It's amazing how a bit of overcast weather will keep visitors away from Lake Michigan. Cloudy days make for empty parking lots, empty beaches, and even lighting for photographs. It seems that if the sun isn't shining brightly, people don't even think about heading to the beach, but they're missing out.

Soon, the cold winds will blow across the lake and discourage even more people from visiting. It may get very uncomfortable to walk along the shore, but winter can be one of the best times to explore and experience the beach.

Rocks and Reflection

The shore changes constantly with the wind and waves.  From a sandy beach to a rocky beach, to no beach when the waves are too high, it's never the same twice. The small streams that empty into the lake also change their path because of the waves -they can change 180 degrees in a day. These streams become obstacles when the weather turns cold, one can no longer simply walk across because the water is too cold, a narrow portion needs to be found in order to continue walking down the beach.  Many winter hikes have been cut short due to these streams.

Dune Valley

Dune Valley Our hike inland through the grassy and wooded dunes began at the beach, where we found a trail through the valley between two dunes. The size of the dunes don't show so well on the photos - they are much larger than they appear - especially when you hike up and down. We decided to head between the dunes for just a bit, then take the trail up the dune on the right side to hike the ridge all the way around the series of dunes near what is called the blowout. This time of year is perfect for hiking in the tall Marram grass. The temperature is a bit cooler for the climbing portions, and there are no ticks to worry about. Along with the ever-changing plants of the dunes, we always encounter some sort of animal or insect. We were once startled by a very loud turkey we surprised as we came over this ridge. He all of a sudden flapped his wings and screamed as he flew away, waking up every creature within a mile on a very quiet early morning. View From the Dune After taking the trail up the dune, we were able to view the valley floor, and the spot where the top photo was taken. Lake Michigan doesn't always appear this deep blue, most of the time it's a bit lighter in color. This is probably due to the time of year, time of day, and the overall weather conditions. It does, however, provide a great contrast to the sky and sand near it.

Beached on Beverly Shores

Beached on Beverly Shores Just a few steps away from the famous Indiana Dunes National Lakeshore's Century of Progress Homes, and across the street from the lakefront homes of Beverly Shores, these boats add some color to the landscape of green Marram Grass and tans sands. It's surprising to me that these boats are left untied so close to the unpredictable waters of Lake Michigan. While it's doubtful the waves ever reach this far up, anything is possible when the north winds kick up the lake. Ten foot waves are not unusual here, and these boats have been in this spot through so many heavy storms. Every so often, after a very windy storm, tons of wood, debris, and boats of all sorts, wash up on the beaches here, proving just how items along the shore can be washed away in a moment. The photo below shows the aftermath of one of those storms about five years ago. All Washed Up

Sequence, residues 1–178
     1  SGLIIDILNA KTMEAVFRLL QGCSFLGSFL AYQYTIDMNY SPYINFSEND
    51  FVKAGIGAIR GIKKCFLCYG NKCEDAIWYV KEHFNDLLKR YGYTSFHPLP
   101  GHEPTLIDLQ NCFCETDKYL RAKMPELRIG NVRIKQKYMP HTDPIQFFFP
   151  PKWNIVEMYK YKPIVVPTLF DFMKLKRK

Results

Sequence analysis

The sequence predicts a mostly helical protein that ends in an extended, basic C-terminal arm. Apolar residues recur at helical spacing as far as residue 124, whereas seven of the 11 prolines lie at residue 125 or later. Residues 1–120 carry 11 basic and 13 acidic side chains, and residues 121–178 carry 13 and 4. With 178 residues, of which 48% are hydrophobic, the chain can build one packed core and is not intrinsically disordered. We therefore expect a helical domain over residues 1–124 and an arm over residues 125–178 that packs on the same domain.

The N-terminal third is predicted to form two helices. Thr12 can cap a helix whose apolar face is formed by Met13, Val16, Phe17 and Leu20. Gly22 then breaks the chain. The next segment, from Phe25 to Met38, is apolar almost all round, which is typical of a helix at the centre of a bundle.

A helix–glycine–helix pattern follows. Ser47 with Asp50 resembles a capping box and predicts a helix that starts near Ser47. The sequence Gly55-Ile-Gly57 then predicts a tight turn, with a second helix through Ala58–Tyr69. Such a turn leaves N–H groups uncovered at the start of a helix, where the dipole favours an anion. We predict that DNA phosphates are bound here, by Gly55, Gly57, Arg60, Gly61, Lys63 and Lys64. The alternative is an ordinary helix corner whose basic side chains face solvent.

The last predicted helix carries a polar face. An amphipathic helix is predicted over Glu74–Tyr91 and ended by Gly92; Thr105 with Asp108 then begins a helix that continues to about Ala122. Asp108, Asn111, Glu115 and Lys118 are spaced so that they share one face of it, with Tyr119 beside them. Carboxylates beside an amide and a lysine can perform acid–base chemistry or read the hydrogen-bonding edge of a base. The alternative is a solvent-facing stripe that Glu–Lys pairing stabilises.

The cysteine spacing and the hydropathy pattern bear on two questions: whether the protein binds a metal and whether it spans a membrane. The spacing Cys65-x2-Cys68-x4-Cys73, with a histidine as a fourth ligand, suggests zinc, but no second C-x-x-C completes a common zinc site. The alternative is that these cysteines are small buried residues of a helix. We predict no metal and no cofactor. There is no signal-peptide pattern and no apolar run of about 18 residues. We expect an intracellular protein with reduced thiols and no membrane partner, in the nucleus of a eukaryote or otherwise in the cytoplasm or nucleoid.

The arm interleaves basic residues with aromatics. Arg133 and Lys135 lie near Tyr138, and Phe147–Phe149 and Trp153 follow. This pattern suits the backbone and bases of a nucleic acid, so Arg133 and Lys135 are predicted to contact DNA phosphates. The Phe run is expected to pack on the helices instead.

Eroding Dunes

Disappearing Dunes Contrary to what many people believe, the dunes along the southern shore of Lake Michigan are ever-changing - have been, and will continue to be. The forces of nature such as rain, wind, and the waves erode parts of the beach and dune, and build another.

Rising water levels this year, along with some "starving" of the beach are contributing to the collapse of portions of the windward sides of the dunes in the Indiana Dunes National Park. A starving beach is one where the natural replenishment of sand is slower than the loss of the sand due to wind and wave action, so the beach and associated dunes lose sand.

These dunes are crumbling at a relatively fast rate.  The paths and trails that once meandered along the ridge are long gone - washed into Lake Michigan - not because of people walking on them, as many will attempt to mislead the visitor. Walking on some sand dunes and plants will certainly disrupt the natural state of the dunes, and often kill the plants that hold the dunes in place. But this is a case of the lake taking over, not human activity. The Michigan City pier a mile or so away has been blamed for some beach starvation, and while this may be true to some extent, it seems unlikely that the single pier could affect the beaches miles away to such a great extent.